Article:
At DocSpot, our mission is to connect people with the right health care by helping them navigate publicly available information. We believe the first step of that mission is to help connect people with an appropriate medical provider, and we look forward to helping people navigate other aspects of their care as the opportunities arise. We are just at the start of that mission, so we hope you will come back often to see how things are developing.
An underlying philosophy of our work is that right care means different things to different people. We also recognize that doctors are multidimensional people. So, instead of trying to determine which doctors are "better" than others, we offer a variety of filter options that individuals can apply to more quickly discover providers that fit their needs.Got questions?
To a wonderful 2019.
From the team at DocSpot.
We hope you all had a merry Christmas this year!
From the teams at DocSpot
Kaiser Health News published some anecdotes that highlight the cost of healthcare in the U.S. The specific stories are about families struggling with the cost of health insurance. However, underneath the cost of insurance is the cost of care. For decades, many Americans never saw the cost of insurance because their employers paid for most or all of their insurance. As health insurance costs continue to rise, businesses started to shift the cost of health insurance to their employees through higher deductibles or through larger employee portions of the premiums. While millions of Americans were still uninsured, with the passage of the Affordable Care Act, many of those uninsured could purchase health insurance through an insurance exchange. Many qualified for a subsidy and were still shielded from the true cost of insurance. The stories that were published in this article highlight how the high cost of care can affect those whose incomes are high enough to be ineligible for subsidies.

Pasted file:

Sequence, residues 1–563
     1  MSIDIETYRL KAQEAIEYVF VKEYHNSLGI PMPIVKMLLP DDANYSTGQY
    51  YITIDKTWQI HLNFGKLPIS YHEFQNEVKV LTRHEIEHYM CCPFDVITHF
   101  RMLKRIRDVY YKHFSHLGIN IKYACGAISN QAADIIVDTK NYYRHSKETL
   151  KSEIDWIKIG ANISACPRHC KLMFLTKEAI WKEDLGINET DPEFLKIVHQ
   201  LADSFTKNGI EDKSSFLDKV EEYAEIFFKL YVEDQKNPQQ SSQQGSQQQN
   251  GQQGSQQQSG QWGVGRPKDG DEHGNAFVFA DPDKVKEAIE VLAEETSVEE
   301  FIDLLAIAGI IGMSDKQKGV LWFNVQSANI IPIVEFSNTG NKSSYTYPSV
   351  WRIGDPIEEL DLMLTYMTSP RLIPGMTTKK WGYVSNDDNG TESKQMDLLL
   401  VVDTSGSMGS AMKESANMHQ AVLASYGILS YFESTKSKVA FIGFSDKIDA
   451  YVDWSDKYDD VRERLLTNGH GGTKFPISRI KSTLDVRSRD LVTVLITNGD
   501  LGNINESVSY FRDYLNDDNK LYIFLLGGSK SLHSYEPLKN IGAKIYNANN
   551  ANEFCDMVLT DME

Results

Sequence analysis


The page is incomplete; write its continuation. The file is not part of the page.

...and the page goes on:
One response to the story would be to try to raise the limits under which people are eligible for subsidies. Under that scenario, the government ends up subsidizing health insurance for more people. Another approach would be to try to reduce underlying cost of care through systematic reforms such as transparent pricing and quality information.
In a follow-up to a lawsuit filed earlier this year (which the Justice Department declined to defend), Kaiser Health News reported that a federal district court judge in Texas ruled that the Affordable Care Act, with the subsequent removal of the individual mandate, was unconstitutional. An earlier Supreme Court decision ruled that Congress does have authority to enact the Affordable Care Act because it can levy taxes, which the Supreme Court considered the Affordable Care Act to be. The removal of the individual mandate removes the part considered to be a tax, and hence the federal district court judge ruled that the legislation is no longer constitutional. The current White House administration, which opposes the Affordable Care Act recognizes that nothing should change in the short-term, since the Supreme Court will most likely hear the appeal.
The Affordable Care Act was sweeping legislation that was approved by a very slim margin. Even though the political climate did not change enough to completely overturn the legislation, there was enough change for opponents to cast this uncertainty. The political instability makes it more difficult for either side to gain momentum.
In another sign of healthcare moving more towards value-based payments, Kaiser Health News reported on Medicare awarding bonuses to nursing homes whose residents' readmission rates to hospitals are low and issuing penalties to nursing homes whose residents more frequently end up back in the hospital. While the actual percentages may seem small (1.6% bonuses and almost 2% penalties), the article notes that the differences can be meaningful given that nursing homes often operate on very slim margins.
The piece included one anecdote about one nursing home chain being disappointed with the penalties, noting that since most of the readmissions occurred after the residents left their facilities. If Medicare considered whether the residents had already left the nursing home, they would exacerbate an existing conflict of interest: an earlier return from the nursing home could mean more revenue for the nursing home at the expense of a less healthy patient. Instead, nursing homes now have an additional incentive to coordinate care to help the patients' transitions back to their own homes.